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file_formats

Supported File Formats

Several file formats for reading in data are supported by Glotaran. Two types of files can be distinguished:

  • Plain text or ASCII, which includes the Time explicit ascii format and the Wavelength explicit ascii format which both have extension “.ascii”, the RAW format which has the extension “.raw”, the AVG format which has the extension “.avg” and “.csv” files wich contain tab or comma separated matrices with or without labels.
  • Binary including “.img” files available from Streak Cameras of Hamamatsu Photonics (http://www.hamamatsu.com), “.sdt” files with FLIM images from Becker & Hickl Gmbh (http://www.becker-hickl.de) and “.pt3” image files from PicoQuant photon counting instrumentation “PicoHarp 300” version 2 (http://www.picoquant.com) - beta testing.

Read more about the various file formats and how to convert your data into a format that is readable by Glotaran below. Please note that support for some file format is not enabled by default by means of (optional) plugins which you can find in Glotaran under the menu button Tools - Plugins.

Time explicit format

Time-gated spectrum represents measurements taken simultaneously at a great number of wavelengths and at a certain time delay with respect to the exciting pulse t. A time-gated spectrum may be represented as a vector of length n, where n is the number of wavelengths at which measurements were made at time delay t. A set of time-gated spectrum taken at distinct times t1, t3,…, tm, may be collected into a matrix of dimensions n by m. Such a matrix is termed a time-resolved spectrum. The 'time explicit' data format allows input of data in the following form.

The format of the input file is as follows.

  • line 1: reserved for comments, not read
  • line 2: reserved for comments, not read
  • line 3: the character string “Time explicit”
  • line 4: the character string “Intervalnr” and number of recorded timepoints in each timetrace
  • line 5: list of the Intervalnr distinct times at which decay traces were recorded
  • line 6 and follows: the wavelength (single number) and list of time points at this wavelength

Note that each column represents a time-gated spectrum, and each row represents a decay trace. For an example input file in `Time explicit' format, see Example of time explicit data file. All entries above are space delimited. `Heading line 1' and `Heading line 2' are two lines that may be filled as the user likes (e.g., with a data file title). The line containing `Time explicit' indicates the format that the input data is to take. The line containing `Intervalnr' and a scalar m indicates the number of distinct time points m at which measurements were taken, (note that the number of wavelengths n need not be specified). The following line contains the real-valued times t1,…, tm at which measurements were taken. The first value of each of the remaining lines represent the wavelength at which the decay trace contained on that row was taken. The rest of each remaining row represents a (space-delimited) decay trace Ψ(t1,λ),Ψ(t2,λ),…,Ψ(tm,λ). After all datapoints are specified the file can contain line 'Integrated fluorescence' followed by tab or space delimited vector containing total fluorescence for each timestep. Note that for real experiments the number of data points Ψ(t,λ) is on the order of 10,000-100,000.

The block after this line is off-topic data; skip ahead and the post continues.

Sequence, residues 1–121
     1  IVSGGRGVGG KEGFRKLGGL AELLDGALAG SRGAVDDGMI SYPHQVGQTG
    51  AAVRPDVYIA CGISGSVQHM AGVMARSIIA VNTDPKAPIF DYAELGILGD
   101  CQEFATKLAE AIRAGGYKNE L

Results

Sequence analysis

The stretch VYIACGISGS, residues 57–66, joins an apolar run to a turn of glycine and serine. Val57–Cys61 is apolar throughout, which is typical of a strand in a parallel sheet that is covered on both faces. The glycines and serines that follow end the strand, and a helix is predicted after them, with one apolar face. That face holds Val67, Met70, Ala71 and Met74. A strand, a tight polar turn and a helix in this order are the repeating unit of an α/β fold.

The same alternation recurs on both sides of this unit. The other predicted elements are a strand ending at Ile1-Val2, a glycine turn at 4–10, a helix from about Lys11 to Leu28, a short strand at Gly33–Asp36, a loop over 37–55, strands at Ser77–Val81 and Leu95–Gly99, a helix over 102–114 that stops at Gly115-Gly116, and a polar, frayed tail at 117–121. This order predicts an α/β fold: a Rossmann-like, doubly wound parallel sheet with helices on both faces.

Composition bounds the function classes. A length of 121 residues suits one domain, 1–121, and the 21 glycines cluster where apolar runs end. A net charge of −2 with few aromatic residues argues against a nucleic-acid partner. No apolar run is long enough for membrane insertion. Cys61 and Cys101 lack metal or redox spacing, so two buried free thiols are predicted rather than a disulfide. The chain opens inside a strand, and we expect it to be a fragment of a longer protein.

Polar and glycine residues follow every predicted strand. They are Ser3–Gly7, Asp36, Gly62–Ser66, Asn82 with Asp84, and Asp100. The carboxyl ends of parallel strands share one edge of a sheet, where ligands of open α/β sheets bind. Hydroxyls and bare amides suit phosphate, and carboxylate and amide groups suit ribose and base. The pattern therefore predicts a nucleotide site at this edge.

Wavelength explicit format

Decay traces represent measurements taken at a great number of times at some particular wavelength λ. A decay trace may be represented as a vector of length m, where m is the number of time points at which measurements were made. A set of decay traces taken at distinct wavelengths λ1, λ2, …, λn, may be collected into a matrix of dimensions m by n. Such a matrix is again termed a time-resolved spectrum. The `Wavelength explicit' data format allows input of data to TIM in the following format.

The format of the input file is as follows.